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Overnight, that unnerving trade war silence from the White House, which allowed stocks across the globe to charge higher in recent sessions, was broken. The US upped the stakes in the trade war with China, sending equity markets tumbling, as risk-off prevails.
The Trump administration announced tariffs on a further $200 billion-dollar worth of Chinese imports after the US closing bell overnight. Asian markets fell heavily, with China, unsurprisingly, taking the biggest hit, down over 2% at one point; US and European futures are indicating that investors will sell out shares on the open. In the forex markets, the dollar pushed higher versus most of its peers except for the safe-haven yen, which experienced a surge in demand.
Up until now, Trump’s administration had carefully selected products to
In the meantime, this second move by Trump proves that he is committed to this trade war. The markets have, so far, been relatively tame in their reaction. This move by Trump could change that, in which case traders will start to be much more selective over which markets to buy into, choosing on the basis of which markets are potential winners and losers from this trade war. The recent complacency is expected to disappear.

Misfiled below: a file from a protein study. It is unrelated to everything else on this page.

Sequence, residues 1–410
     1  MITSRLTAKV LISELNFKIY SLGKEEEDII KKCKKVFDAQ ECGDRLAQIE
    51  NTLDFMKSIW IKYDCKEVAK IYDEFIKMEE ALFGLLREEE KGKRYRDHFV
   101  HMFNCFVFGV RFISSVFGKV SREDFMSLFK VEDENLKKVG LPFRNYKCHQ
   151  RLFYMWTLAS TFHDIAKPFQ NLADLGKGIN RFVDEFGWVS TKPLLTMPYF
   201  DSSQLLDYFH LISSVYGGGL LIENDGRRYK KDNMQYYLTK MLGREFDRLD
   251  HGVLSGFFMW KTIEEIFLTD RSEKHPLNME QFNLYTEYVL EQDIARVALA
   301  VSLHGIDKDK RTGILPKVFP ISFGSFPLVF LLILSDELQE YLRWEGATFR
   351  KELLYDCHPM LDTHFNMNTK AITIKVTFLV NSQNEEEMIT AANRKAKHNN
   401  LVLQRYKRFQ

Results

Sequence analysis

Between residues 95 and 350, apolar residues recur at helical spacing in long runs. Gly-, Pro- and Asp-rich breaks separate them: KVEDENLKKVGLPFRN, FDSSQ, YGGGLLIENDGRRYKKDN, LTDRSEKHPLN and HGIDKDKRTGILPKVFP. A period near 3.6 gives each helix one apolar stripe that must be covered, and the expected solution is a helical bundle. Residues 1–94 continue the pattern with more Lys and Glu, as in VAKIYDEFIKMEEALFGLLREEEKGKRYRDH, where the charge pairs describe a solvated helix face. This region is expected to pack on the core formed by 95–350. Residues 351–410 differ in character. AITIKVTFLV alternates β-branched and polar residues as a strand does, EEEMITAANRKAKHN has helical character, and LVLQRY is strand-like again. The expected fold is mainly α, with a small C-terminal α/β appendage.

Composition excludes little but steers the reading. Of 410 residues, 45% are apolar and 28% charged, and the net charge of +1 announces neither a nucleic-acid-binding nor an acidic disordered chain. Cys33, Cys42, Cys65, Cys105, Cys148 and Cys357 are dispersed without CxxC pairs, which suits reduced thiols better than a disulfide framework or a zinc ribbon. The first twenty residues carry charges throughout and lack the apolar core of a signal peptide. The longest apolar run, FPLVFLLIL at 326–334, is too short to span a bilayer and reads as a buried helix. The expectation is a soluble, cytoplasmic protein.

Commodities are taking a hit from the increased trade tensions. Oil is off by over 1% overnight, meaning oil majors can be expected to take hit on the European open. Copper also plummeted over 3%, on demand concerns in light of increased trade tensions, hitting its lowest level in almost a year; if
A more hawkish Draghi to lift the euro?
Trade wars aside, ECB President Mario Draghi will be watched closely by traders. Eurozone data is finally on the upswing again after a slow start to the year. Furthermore, at the June ECB meeting, Draghi suggested that the ECB could look to hike rates as soon as summer 2019. Traders will look for Draghi to add more flesh to this bone, a dovish sounding Draghi is not expected today. Whilst Draghi could offer a boost to the euro, it could still prove to be insignificant compared to the dollar’s safe-haven appeal.